Some might say that for an editor on the go a microphone is a bit of an overkill, but I won't agree. I'm a sound nut alright, but I'm sure that, even for the simple temp VO purposes, a decent microphone makes a better sounding result, which in turn leads to better reaction from the client. Moreover, it can save you if you need a custom sound effect that you can just record on the spot. However, it's good to have a good microphone and certain amount of portability - for me the best solution was Zoom H2n, which can serve as a dictaphone (i.e. voice recorder), SFX microphone, audio interface for your system and even as a backup storage for files. Imagine that you lose everything, but the copy of the project is in your pocket on your dictaphone's memory card. What a relief.
There is yet another quite portable solution for a traveling editor, which is a compact audio interface with built-in condenser microphone, like the Apogee One.
It is compact, powered from USB bus and provides recording of very high quality audio straight into your computer. I took One to my last trip and used it for temporary VO recordings during edit, some foley effects we did together with the director and playback, where it's big aluminum knob came in pretty handy.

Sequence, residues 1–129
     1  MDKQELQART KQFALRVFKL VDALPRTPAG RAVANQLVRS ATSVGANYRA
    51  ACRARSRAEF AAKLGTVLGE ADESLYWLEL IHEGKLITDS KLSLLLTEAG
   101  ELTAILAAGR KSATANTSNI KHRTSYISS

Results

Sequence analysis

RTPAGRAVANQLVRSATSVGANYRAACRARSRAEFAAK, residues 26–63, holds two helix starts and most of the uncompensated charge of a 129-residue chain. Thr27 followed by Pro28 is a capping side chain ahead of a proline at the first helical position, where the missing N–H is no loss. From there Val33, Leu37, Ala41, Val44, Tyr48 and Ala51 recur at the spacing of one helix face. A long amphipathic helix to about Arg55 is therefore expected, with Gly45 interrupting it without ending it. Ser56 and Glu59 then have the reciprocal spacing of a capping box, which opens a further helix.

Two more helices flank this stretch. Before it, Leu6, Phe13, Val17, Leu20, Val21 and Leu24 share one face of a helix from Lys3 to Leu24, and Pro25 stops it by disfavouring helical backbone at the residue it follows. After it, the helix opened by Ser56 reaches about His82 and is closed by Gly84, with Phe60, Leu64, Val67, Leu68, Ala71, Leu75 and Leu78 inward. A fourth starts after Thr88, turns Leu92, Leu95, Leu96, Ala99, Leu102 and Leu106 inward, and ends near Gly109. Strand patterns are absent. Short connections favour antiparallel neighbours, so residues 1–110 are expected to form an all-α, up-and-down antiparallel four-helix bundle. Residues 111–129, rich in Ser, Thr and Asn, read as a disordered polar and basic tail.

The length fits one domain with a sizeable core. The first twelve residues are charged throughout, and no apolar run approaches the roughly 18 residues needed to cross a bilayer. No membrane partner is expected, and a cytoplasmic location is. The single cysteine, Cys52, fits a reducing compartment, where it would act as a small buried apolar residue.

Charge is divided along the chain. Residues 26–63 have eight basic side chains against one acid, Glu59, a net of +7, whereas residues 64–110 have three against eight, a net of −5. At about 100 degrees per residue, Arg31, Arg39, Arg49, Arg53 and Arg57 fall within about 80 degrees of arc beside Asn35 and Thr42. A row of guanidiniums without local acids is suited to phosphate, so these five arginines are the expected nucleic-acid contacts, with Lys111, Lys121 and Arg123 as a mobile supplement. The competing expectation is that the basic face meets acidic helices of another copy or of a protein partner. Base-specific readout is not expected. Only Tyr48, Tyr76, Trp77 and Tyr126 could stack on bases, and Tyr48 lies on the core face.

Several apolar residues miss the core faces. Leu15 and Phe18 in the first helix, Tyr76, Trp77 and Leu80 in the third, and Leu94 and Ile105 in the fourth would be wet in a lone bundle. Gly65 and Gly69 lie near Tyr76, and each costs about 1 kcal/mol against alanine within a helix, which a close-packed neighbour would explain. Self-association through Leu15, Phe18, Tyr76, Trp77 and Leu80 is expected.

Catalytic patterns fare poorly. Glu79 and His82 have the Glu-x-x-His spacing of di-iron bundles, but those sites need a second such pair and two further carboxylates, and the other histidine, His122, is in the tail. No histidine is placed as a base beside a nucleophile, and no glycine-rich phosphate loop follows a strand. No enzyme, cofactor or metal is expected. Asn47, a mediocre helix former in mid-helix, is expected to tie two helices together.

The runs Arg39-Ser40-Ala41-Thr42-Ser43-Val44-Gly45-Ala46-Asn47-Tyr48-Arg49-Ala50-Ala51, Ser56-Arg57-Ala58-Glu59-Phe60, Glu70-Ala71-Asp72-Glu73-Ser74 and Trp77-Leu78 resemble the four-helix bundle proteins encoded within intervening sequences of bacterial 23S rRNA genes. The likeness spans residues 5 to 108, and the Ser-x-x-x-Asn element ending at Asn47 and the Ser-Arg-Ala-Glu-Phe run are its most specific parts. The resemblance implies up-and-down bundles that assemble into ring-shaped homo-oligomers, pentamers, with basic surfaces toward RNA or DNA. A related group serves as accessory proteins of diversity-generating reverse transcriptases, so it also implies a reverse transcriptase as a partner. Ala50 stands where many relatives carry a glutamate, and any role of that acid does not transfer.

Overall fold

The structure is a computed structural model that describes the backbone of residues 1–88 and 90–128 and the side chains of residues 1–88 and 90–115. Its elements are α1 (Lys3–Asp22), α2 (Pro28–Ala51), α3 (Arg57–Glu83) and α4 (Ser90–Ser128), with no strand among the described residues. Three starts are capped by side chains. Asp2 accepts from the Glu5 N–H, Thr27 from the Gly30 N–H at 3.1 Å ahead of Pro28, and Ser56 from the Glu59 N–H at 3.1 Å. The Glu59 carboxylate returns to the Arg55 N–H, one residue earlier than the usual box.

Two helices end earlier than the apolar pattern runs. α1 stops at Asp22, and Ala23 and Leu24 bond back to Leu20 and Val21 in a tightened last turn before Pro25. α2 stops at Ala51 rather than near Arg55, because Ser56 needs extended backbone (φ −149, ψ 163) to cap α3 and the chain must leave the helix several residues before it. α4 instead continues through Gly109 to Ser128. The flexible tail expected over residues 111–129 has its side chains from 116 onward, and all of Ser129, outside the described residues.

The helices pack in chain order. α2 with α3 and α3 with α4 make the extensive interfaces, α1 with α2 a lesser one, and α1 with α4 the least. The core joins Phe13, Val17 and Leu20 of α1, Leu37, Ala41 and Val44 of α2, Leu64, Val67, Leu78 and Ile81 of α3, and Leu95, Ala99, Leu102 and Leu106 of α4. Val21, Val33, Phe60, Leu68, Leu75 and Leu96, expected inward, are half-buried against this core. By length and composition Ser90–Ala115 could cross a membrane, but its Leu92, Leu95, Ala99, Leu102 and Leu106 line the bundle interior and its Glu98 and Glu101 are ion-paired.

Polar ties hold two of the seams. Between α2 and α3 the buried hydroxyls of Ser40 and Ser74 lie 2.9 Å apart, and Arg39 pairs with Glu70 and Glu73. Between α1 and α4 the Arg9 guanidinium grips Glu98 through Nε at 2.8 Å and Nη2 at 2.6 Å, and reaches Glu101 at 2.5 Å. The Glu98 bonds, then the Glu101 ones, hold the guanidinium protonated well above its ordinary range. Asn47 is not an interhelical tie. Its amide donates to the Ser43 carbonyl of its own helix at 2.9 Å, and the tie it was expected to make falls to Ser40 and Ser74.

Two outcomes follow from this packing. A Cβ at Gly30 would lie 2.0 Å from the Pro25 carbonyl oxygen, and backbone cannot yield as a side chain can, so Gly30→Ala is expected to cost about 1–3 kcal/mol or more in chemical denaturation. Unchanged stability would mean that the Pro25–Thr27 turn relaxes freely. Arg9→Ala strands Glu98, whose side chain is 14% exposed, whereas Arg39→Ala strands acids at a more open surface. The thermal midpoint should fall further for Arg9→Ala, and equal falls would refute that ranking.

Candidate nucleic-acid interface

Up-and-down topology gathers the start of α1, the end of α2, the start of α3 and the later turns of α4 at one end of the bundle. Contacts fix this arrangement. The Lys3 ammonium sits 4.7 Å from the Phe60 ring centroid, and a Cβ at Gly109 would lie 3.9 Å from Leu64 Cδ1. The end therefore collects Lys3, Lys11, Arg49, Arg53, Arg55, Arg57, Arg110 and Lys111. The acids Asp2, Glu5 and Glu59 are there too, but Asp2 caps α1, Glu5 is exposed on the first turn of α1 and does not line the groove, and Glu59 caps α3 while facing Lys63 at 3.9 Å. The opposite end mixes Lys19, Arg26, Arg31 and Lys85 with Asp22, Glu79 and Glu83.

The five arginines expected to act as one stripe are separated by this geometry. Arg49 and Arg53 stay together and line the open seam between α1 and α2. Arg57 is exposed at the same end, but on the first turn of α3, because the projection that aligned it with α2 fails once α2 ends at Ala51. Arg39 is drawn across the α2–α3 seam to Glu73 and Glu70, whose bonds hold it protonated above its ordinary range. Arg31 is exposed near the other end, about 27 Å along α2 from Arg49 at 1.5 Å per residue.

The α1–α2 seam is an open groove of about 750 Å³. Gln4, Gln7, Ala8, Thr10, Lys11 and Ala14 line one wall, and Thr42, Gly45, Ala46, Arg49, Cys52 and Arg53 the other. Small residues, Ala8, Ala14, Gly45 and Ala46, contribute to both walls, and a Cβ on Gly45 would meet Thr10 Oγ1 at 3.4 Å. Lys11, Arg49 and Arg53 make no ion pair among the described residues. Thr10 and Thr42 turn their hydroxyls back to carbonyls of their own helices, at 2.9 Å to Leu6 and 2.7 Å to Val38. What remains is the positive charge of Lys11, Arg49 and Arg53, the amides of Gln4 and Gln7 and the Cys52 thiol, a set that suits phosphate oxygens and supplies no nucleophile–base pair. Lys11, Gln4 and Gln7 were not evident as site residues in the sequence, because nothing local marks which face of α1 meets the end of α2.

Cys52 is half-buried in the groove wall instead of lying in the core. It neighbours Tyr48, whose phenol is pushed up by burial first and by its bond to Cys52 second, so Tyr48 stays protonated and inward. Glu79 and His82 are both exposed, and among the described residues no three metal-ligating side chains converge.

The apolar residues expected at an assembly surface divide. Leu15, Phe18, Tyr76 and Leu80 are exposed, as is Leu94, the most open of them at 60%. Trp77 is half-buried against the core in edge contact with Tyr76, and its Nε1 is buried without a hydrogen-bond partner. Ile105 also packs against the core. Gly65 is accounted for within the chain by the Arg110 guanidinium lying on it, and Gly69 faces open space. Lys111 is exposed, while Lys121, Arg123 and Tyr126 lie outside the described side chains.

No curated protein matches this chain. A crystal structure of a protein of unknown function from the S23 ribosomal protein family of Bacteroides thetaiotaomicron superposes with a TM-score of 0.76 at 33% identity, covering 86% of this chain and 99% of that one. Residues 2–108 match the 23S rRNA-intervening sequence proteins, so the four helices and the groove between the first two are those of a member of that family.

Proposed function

There are more things that help you create a home vibe at any location, though I'm wary of taking my beloved lava lamp with me to remote places. But some things are critical and although you can always use books or old Betacam tapes or even bricks to put your laptop up to eye level, I prefer to travel with a rubber cast stand that weighs nothing and does the job of lifting the laptop a bit to a more comfortable position.
An external keyboard is also a good idea, however I couldn't find anything that works for me. I'm imagining something rugged and with built in trackball, which leads to another thing. Trackballs are my personal preference. As they don't need a smooth surface to operate, they're practically maintenance free, compact and lightweight. The only thing that beats trackballs is pen tablets, as they are completely flat and take even less space. I had a bit of a wrist tension problem even on the trackball, which led me to try Wacom as my moving device and we got along pretty well. Of course, all those things are very personal, my concern here is health and I met enough seasoned editors with Carpal Tunnel to take it seriously. "Know your shortcuts," they all said. I took that note.